Norman Drouillard Sr. passed away on December 8, 2009 at 6:10 pm. If you raced at Farmington Dragway in the past 30-something years, you probably knew he was. If you didn’t race there, you may never have heard his name. Norman was the kind of person you loved to hate. He could make you so mad so fast you didn’t know what to think. I know this because I worked for him and I want to tell you what that meant to me. This is MY story, but it is too intertwined to separate.
In April, 1979, after several years of barely coping with life with at least one year of that being in severe deep depression, I decided to go to the drag strip one day. Farmington Dragway was my home track…it opened in 1963…the same year my first daughter was born. I have pictures of all three of my girls at that track before they were six months old! Talk about the glory days! Anyway, I’m getting off track. At that time, I was living seven miles from the track…if the wind was blowing in the right direction, I could hear the cars. I thought, just maybe…going to the track might help get me out of the funk I had been in for so long because I had ALWAYS loved cars and racing!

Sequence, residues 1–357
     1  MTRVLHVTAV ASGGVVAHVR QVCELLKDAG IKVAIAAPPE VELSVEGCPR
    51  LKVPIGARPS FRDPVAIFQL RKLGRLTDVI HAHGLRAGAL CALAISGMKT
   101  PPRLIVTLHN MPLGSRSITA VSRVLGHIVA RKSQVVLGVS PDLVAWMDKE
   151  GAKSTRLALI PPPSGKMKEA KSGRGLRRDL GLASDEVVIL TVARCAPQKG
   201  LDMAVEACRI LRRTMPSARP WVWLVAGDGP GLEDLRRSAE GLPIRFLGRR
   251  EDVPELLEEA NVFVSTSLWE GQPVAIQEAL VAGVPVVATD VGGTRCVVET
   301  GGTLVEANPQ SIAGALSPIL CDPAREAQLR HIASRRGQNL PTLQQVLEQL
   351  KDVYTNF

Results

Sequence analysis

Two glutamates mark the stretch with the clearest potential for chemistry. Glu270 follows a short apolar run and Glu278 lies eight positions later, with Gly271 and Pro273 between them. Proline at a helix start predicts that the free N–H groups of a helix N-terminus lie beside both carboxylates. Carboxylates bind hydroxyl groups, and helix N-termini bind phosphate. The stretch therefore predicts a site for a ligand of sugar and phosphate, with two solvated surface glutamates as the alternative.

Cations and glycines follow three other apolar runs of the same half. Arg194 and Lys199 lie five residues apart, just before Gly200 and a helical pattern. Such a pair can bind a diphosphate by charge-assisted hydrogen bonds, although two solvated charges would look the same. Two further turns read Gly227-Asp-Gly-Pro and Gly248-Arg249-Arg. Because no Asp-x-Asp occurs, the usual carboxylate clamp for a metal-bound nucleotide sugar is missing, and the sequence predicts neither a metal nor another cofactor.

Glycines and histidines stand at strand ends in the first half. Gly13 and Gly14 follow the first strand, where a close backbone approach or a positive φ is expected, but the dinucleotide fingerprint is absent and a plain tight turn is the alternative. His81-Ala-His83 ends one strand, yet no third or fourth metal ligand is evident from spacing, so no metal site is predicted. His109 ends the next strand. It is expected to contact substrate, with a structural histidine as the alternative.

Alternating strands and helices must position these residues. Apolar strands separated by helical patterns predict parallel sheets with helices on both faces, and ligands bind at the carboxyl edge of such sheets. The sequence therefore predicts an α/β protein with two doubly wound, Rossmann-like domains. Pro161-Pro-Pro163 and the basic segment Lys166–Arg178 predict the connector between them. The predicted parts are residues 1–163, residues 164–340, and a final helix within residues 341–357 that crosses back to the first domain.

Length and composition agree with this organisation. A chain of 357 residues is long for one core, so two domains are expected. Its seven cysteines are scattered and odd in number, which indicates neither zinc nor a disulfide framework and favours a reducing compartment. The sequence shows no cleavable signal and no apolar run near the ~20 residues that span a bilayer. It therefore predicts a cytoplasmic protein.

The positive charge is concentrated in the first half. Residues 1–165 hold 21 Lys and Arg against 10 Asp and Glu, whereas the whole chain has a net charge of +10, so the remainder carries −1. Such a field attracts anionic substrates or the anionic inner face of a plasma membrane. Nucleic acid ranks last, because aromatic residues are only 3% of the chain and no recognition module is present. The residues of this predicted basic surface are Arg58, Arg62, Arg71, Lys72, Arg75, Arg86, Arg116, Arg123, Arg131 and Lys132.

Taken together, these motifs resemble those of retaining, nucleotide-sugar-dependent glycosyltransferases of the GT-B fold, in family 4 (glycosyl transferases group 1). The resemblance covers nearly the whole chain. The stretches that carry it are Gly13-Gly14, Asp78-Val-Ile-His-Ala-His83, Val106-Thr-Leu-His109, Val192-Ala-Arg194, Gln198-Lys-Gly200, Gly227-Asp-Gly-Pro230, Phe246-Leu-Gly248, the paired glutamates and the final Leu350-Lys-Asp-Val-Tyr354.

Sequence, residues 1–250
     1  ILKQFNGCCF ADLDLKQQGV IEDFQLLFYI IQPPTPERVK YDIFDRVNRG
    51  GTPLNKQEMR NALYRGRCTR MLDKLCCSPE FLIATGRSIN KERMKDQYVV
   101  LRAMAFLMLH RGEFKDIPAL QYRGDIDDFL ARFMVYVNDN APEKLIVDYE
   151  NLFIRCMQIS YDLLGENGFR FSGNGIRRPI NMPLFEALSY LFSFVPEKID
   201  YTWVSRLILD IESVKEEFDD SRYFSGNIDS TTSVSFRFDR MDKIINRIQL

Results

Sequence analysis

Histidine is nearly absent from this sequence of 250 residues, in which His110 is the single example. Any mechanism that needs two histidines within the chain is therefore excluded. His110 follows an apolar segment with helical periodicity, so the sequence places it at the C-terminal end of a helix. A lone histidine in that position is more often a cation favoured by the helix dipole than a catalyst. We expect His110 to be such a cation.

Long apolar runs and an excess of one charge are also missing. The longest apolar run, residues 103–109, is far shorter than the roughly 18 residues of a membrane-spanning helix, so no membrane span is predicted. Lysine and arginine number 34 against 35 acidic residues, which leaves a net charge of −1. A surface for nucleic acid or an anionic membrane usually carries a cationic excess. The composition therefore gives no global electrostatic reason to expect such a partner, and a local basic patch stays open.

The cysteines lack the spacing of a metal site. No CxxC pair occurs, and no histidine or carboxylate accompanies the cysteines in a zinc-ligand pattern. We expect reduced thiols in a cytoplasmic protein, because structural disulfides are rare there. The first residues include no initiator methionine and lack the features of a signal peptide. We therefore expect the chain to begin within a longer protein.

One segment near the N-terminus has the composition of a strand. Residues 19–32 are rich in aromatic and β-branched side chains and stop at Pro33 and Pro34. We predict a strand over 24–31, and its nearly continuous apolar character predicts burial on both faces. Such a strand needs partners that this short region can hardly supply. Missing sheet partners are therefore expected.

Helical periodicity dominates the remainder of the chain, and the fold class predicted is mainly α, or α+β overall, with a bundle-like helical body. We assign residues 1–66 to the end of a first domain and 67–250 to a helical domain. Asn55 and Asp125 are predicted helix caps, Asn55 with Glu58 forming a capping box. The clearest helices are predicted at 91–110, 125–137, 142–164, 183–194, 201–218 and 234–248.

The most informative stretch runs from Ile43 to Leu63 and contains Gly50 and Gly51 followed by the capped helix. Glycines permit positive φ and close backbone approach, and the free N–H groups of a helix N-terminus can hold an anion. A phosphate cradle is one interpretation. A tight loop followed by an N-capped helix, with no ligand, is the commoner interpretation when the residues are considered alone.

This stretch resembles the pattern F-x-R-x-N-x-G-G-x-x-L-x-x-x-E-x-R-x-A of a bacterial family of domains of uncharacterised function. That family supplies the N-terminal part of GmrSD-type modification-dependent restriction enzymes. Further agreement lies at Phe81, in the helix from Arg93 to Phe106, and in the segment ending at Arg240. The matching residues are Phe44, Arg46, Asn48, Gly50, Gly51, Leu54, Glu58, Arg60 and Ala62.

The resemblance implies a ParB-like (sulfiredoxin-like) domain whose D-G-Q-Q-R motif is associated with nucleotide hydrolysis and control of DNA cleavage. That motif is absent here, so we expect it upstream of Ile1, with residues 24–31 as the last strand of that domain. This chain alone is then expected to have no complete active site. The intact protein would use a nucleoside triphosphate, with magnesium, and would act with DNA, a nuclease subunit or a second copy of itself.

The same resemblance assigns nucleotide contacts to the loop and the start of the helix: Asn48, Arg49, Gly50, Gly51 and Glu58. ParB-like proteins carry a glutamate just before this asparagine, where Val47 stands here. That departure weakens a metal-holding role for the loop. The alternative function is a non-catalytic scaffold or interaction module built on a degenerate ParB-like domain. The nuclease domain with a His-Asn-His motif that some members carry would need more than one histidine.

When I got there, the first person I saw…the guy who was working the gate…was Larry Allen and that brought a smile to my face. I hadn’t seen him in a while, but he had been a real friend to me when I needed one a few years before. (You gotta remember…raising three little girls ain’t an easy job.) We talked a few minutes and I asked him who the owner or operator was and he told me Jerry Joyce and Norman Drouillard and it just so happened they were close enough for Larry to point them out to me. I went over and introduced myself and I don’t remember the whole conversation, but basically I said, “Hey, if you’ll let me in free every week, I will write a story and put it in the local paper for you. Five bucks I can use to pay on rent or groceries for my kids!”
Talk about balls! I didn’t know if I could even write a story, much less get it printed anywhere!!! I just figured I could get all that straightened out later!!! But the didn’t know that. Norman said something like, “Sure, we’ll give it a try!” Norman was all for getting something for nothing and he got a LOT of something that year for ‘almost’ nothing. I got in free, kids were all under 16 so they got in free, too and I got a hot dog once a week! And I worked my heart out! I was, at that time, in school at Rowan Technical College (now Rowan –Cabarrus Community College) in Auto Mechanics. After being at the track a couple weeks, I KNEW I had just about bit off more than I could chew.